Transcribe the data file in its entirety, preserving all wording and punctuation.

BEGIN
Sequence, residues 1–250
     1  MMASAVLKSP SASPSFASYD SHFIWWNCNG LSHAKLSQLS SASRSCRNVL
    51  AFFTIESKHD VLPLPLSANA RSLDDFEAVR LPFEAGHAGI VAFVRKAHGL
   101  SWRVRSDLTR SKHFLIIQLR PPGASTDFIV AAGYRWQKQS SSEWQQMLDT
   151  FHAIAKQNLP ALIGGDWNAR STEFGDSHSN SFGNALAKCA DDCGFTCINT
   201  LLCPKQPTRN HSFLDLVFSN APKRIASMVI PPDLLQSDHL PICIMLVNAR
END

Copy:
Sequence, residues 1–250
     1  MMASAVLKSP SASPSFASYD SHFIWWNCNG LSHAKLSQLS SASRSCRNVL
    51  AFFTIESKHD VLPLPLSANA RSLDDFEAVR LPFEAGHAGI VAFVRKAHGL
   101  SWRVRSDLTR SKHFLIIQLR PPGASTDFIV AAGYRWQKQS SSEWQQMLDT
   151  FHAIAKQNLP ALIGGDWNAR STEFGDSHSN SFGNALAKCA DDCGFTCINT
   201  LLCPKQPTRN HSFLDLVFSN APKRIASMVI PPDLLQSDHL PICIMLVNAR